Firms stack up 70pc dollars in market

Car& General has cut its dollar-denominated borrowings. PHOTO | SHUTTERSTOCK

Business corporates raised their share of dollar deposits in banks to 70 percent as of September last year, amidst a biting shortage that has disrupted purchases of critical raw materials from the global market.

New Central Bank of Kenya (CBK) data shows that the sum of foreign currency deposits held by firms hit Sh973 billion at the end of the third quarter of 2023 compared to Sh418 billion in hard currency deposits by households.

The deposits by firms represent 70 percent of all forex deposits which stood at Sh1.39 trillion at the end of the same period.

The share of foreign currency deposits by firms has steadily risen from a low 56 percent in the second and third quarters of 2019.

The rise in foreign currency deposits by both firms and households coincides with the weakening of the Kenyan shilling over the past year with the local unit shedding more than 25 percent of its value against the US dollar in 2023. For instance, foreign currency deposits stood a Sh575.7 billion in September 2018.

Commercial banks have led firms in stockpiling hard currency with the holdings being previously attributed to the increased operation of Kenyan lenders in the region.

In June last year, CBK noted that banks had been the primary driver of growth in foreign currency deposits, which continue to set historical highs, as they accumulate from their regional operations and by contracting hard currency loans.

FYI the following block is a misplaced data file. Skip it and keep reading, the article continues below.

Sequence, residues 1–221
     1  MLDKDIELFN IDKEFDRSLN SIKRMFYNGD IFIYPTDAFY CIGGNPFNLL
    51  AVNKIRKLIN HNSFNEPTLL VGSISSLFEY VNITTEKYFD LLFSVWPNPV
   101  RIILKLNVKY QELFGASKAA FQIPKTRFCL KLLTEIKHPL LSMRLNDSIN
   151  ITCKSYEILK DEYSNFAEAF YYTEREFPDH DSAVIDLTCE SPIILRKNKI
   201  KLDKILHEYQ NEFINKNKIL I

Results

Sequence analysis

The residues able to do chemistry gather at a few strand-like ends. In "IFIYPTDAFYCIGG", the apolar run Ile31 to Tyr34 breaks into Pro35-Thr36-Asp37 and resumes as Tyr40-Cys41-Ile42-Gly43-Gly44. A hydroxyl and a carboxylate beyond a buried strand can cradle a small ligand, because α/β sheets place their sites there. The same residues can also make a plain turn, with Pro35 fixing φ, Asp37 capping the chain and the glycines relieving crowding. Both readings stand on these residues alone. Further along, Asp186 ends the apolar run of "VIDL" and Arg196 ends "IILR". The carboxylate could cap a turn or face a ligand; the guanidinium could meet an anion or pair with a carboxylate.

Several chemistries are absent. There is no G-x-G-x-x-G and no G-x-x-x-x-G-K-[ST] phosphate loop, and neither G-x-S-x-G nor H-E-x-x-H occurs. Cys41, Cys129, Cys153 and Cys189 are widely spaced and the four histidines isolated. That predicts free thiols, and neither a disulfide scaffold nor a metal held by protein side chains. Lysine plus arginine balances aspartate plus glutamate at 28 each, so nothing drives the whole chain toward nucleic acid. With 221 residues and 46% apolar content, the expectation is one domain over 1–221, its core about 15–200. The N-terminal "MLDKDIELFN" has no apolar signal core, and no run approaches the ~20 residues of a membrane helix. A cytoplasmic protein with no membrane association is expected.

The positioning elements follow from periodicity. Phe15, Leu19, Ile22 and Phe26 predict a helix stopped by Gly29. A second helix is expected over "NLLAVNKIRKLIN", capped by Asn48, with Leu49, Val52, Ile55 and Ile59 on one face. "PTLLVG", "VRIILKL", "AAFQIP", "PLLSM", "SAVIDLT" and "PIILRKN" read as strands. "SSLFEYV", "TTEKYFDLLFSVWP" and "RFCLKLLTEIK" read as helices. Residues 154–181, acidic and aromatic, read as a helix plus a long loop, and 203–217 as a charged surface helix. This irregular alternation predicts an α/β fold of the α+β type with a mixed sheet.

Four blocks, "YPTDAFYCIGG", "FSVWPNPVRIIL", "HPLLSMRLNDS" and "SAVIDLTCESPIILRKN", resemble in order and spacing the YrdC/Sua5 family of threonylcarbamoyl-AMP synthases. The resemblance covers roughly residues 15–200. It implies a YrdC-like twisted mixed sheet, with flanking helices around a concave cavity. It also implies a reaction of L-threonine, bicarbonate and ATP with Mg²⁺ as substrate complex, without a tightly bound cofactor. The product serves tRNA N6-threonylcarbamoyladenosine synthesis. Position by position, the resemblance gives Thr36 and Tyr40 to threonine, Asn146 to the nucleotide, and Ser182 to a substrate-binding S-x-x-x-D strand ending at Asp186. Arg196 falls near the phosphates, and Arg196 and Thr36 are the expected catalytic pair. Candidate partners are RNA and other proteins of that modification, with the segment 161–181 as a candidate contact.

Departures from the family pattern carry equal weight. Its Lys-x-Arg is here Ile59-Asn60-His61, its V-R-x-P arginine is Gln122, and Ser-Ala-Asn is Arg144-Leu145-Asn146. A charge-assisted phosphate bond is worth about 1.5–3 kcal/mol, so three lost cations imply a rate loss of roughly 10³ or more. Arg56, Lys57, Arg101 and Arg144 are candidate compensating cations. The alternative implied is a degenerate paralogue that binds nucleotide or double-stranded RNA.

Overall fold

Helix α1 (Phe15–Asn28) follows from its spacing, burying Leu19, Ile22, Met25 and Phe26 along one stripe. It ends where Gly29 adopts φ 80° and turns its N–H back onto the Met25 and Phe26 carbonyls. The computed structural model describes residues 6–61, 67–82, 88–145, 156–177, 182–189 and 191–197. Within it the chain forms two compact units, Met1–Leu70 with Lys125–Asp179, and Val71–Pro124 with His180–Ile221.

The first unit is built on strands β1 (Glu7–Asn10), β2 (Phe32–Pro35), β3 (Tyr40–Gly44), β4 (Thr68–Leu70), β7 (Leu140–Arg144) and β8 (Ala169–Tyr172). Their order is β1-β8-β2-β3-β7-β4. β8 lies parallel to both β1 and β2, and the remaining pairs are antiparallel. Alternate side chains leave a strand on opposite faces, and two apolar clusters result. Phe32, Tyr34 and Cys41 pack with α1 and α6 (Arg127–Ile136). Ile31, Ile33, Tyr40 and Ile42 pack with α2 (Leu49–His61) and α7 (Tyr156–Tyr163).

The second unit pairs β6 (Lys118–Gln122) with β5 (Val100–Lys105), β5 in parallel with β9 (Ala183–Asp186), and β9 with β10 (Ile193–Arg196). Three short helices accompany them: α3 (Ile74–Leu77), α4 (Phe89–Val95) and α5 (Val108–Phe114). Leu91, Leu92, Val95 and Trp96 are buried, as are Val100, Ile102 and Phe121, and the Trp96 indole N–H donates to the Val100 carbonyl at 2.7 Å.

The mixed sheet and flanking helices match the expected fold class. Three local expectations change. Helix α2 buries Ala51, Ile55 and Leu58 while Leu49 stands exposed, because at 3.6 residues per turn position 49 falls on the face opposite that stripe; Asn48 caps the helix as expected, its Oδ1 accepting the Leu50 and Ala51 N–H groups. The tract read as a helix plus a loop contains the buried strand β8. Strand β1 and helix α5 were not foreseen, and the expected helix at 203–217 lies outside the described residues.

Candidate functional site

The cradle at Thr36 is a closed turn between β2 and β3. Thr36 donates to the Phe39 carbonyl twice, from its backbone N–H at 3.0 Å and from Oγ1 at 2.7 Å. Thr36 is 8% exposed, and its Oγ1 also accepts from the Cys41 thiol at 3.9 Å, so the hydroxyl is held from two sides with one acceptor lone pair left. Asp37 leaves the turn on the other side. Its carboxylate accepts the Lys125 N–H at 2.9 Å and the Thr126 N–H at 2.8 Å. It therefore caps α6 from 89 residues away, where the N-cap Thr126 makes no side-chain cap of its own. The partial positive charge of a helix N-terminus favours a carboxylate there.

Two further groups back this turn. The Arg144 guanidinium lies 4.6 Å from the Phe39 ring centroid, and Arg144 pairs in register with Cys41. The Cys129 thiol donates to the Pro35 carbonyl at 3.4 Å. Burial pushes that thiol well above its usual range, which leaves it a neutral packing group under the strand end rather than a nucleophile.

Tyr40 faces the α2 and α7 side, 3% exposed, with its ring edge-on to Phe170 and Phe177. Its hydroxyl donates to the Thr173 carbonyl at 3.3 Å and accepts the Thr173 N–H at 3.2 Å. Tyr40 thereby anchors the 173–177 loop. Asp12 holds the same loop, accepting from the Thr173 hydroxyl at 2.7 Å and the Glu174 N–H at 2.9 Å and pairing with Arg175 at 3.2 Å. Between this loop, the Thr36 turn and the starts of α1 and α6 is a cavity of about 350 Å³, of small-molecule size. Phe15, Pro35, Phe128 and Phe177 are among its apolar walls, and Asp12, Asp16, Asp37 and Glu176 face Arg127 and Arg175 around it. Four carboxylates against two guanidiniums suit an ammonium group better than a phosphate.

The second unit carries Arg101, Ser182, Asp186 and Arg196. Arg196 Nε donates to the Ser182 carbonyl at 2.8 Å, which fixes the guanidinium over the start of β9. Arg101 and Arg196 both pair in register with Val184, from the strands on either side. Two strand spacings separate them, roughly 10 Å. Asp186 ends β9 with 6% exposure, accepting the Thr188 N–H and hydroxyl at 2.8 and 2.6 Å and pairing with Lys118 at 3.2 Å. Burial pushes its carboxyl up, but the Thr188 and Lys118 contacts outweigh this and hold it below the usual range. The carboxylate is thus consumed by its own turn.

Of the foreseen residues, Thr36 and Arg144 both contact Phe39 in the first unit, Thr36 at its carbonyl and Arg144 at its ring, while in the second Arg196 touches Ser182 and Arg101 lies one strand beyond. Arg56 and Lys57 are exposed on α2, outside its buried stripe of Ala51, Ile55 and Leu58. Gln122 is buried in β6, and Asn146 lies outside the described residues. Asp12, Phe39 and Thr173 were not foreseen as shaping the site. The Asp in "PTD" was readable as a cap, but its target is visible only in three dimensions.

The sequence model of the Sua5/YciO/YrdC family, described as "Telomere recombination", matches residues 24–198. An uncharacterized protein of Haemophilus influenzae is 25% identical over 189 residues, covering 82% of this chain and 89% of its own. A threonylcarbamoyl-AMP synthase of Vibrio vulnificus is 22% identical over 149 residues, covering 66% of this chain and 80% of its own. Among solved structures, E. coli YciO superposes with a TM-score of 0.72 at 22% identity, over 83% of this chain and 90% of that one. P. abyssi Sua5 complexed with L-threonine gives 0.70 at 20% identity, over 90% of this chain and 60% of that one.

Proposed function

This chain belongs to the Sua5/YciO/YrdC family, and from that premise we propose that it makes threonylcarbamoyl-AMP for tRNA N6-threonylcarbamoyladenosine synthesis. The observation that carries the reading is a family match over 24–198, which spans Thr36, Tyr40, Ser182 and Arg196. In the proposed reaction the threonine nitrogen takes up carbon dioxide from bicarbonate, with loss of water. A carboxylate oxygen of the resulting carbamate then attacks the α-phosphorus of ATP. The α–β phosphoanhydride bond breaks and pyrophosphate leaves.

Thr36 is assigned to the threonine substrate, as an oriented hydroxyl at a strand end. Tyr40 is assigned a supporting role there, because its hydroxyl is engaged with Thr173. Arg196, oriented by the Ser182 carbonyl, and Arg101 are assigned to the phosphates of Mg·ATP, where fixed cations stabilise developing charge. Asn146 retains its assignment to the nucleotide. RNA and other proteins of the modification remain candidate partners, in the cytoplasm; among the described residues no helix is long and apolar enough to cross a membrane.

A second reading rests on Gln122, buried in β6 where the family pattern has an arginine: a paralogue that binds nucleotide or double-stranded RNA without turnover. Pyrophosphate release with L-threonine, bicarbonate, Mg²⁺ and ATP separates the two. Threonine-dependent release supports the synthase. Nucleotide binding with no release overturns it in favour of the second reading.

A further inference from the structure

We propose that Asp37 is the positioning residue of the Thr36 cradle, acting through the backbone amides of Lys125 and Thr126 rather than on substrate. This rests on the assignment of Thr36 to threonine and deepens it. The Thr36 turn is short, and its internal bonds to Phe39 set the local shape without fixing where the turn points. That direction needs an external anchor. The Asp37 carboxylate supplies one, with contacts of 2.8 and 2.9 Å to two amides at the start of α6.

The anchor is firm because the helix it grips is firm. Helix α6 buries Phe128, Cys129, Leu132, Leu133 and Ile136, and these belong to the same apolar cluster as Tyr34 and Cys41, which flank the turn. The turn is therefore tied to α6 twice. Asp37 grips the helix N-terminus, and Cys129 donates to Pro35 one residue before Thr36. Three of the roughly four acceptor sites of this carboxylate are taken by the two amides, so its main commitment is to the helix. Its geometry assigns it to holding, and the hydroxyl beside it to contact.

“Operations of our local banks in the region have been the principal driver of the foreign currency deposits. At the same time, some banks have been financing some of their lending externally,” noted former CBK Governor Patrick Njoroge.

The nominal value of the foreign currency deposits has, however, been lifted in part from a weaker shilling, suggesting the deposits could have grown at a slower rate in real/absolute terms.

According to the former CBK governor, commercial banks have deployed hard currency deposits in lending suggesting no prominence in the hoarding of hard currency.

“There is no free foreign currency that is sitting somewhere in somebody’s account as banks are already using these deposits in the same way they would with Kenya shillings,” he added.

Local banks hold substantive assets in foreign currency across regional subsidiaries with economies such as the DRC and South Sudan for instance being heavily dollarized.

Additional data from the CBK shows Kenyan banking subsidiaries held Sh1.617 trillion in total assets in 2022 with Equity holding the bulk of assets in the period at Sh442 billion.

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